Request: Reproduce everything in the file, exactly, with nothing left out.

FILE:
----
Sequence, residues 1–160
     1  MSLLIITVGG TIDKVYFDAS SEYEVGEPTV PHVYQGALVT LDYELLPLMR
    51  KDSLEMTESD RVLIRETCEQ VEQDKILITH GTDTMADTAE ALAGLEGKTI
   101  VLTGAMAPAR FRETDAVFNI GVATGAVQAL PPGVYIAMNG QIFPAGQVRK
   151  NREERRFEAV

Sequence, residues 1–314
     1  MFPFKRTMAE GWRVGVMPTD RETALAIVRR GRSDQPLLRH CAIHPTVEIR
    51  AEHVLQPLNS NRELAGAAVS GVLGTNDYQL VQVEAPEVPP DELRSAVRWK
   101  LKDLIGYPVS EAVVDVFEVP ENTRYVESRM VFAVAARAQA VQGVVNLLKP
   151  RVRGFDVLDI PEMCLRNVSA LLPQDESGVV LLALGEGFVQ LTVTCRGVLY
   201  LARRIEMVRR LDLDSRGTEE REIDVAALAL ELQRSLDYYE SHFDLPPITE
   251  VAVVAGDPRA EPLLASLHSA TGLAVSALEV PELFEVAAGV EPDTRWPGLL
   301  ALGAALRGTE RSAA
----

Sequence, residues 1–160
     1  MSLLIITVGG TIDKVYFDAS SEYEVGEPTV PHVYQGALVT LDYELLPLMR
    51  KDSLEMTESD RVLIRETCEQ VEQDKILITH GTDTMADTAE ALAGLEGKTI
   101  VLTGAMAPAR FRETDAVFNI GVATGAVQAL PPGVYIAMNG QIFPAGQVRK
   151  NREERRFEAV

Sequence, residues 1–314
     1  MFPFKRTMAE GWRVGVMPTD RETALAIVRR GRSDQPLLRH CAIHPTVEIR
    51  AEHVLQPLNS NRELAGAAVS GVLGTNDYQL VQVEAPEVPP DELRSAVRWK
   101  LKDLIGYPVS EAVVDVFEVP ENTRYVESRM VFAVAARAQA VQGVVNLLKP
   151  RVRGFDVLDI PEMCLRNVSA LLPQDESGVV LLALGEGFVQ LTVTCRGVLY
   201  LARRIEMVRR LDLDSRGTEE REIDVAALAL ELQRSLDYYE SHFDLPPITE
   251  VAVVAGDPRA EPLLASLHSA TGLAVSALEV PELFEVAAGV EPDTRWPGLL
   301  ALGAALRGTE RSAA